Contributors or Collaborators - Docs In the Age of Web 2.0

Contributors or Collaborators - Docs In the Age of Web 2.0

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Wednesday, 26th January 2011


The Bristol Centre hosted Mandy Rose, Creative Director Multiplatform, BBC Wales and a leading authority on collaborative film making on-line. (Voices, My Science Fiction Life and the Capture Wales Digital Storytelling Project)She co-founded BBC 2’s Video Nation back in 1994 which represented a new and refreshing template for films encouraging contributors to become collaborators in the production process.
As web based media grew in popularity, it was a natural progression for Mandy to take her simple template of empowering the film’s subjects to create new formats that fit within the interactive space of the internet.

Paradoxically she takes her inspiration from the past in the form of Jean Rouch’s ‘Chronicle of a Summer’. Half a century after it was filmed it still resonates amongst this generation of film makers as a powerful and ambitious work that gave away control in the ‘cinema verite’ tradition.

Mandy addressed the semantic difference between autiobiographical and authorial films and the ones she is experimenting with that foreground the production process and where editorial control is shared on a transparent basis between producer and colloborator. (We no longer talk about a film’s subject, or contributor.)

Rouch is famous for saying that his films were not ‘a story of what would have happened if the camera hadn’t been there, but what happened because the camera was there.’ This overt (almost Big Brother) referencing of the medium itself is what inpires Mandy to produce experimental dialogues online with individuals that may in time become collaborators.

This isn’t citizen media in its traditional invitingthose needing a window to show-off their lives. There does exist an element of control and editorial shaping of the outcome.SIt’s the transparency of terms of engagement, not necessarily the equality of contributions or power within the production process that’s importantT, Mandy reminds us. ‘Video Nation’ broke new ground on editorial policy by insisting for the first time in BBC history that its colloborators had a veto. SThis allowed us to work openly with people while still bringing an editorial sensibility to the package.T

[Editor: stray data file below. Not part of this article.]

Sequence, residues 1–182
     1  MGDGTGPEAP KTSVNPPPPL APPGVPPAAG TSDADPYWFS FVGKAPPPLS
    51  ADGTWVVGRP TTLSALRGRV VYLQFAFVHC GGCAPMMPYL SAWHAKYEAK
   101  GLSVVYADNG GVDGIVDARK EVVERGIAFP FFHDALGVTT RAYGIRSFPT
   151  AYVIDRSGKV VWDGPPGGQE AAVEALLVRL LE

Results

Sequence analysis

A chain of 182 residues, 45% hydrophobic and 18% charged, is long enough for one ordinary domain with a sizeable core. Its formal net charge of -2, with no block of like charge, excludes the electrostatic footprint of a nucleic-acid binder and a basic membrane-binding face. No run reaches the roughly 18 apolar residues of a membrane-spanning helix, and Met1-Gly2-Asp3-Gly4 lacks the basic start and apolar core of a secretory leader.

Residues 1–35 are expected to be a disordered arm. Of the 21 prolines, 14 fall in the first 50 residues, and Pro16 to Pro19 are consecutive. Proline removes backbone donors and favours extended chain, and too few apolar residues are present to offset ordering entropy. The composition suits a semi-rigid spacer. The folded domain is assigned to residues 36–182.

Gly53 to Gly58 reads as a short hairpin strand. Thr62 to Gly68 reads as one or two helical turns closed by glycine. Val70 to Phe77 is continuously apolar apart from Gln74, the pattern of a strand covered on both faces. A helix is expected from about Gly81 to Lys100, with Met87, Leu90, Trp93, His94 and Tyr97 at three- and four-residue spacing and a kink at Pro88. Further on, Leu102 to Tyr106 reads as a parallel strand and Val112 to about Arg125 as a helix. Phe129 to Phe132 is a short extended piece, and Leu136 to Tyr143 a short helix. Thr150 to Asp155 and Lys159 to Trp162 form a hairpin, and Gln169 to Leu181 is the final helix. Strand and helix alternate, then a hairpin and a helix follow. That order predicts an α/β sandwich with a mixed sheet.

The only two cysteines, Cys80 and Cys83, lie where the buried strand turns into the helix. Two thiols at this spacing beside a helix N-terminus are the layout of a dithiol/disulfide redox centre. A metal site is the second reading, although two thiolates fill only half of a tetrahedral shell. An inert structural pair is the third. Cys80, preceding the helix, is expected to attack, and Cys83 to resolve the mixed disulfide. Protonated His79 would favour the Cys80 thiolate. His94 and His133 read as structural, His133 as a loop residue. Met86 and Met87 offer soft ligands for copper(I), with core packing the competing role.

Mandy showed the group popular innovations on YouTube that inpire her own thinking. One example was a top-rated short film called ‘The Message’ built from a series of prod-user clips sent to the director with up-lifting words scribbled on palms of hands set to a music track which builds to a crescendo. It’s an incredibly simple format which works well within the on-line environment.

As a newly appointed Senior Research Fellow for the University of the West of England, Mandy has started rounding up her next batch of on-line collaborators for her new ‘Collab-docs’ project. She introduced the audience to her basic principles of participation. SThere needs to be a simple, clear call to action on the web site, the power of a simple on-line template is essential. Also, you can’t do it all online, there needs to be human contact along the way.T

Questions from the audience pursued the ethical problem of exploiting people’s lives, creativity and ideas without payment. Mandy responded talking about how the creative commons licence had helped go some way towards sharing the rewards of production and quoting Linus Torvald, creator of one of the most prominent examples of free and open source software, who said ‘everyone scratches their own itch’. Or to put it another way, we all do things for diverse and complicated reasons and money isn’t always the driving factor. It is ethical as long as the terms of engagement are explicit and jointly owned.

The web is partly based around the principles of the gift economy and that’s what has made sites such as Wikipedia far more popular and more accurate than Encyclopeadia Britannica. Where and how the film maker intercedes and establishes herself within the online community is still up for grabs. The future would suggest that new forms of online film making will not displace traditional broadcast practices, but they might change them and help re-imagine them.

By Janet Jones

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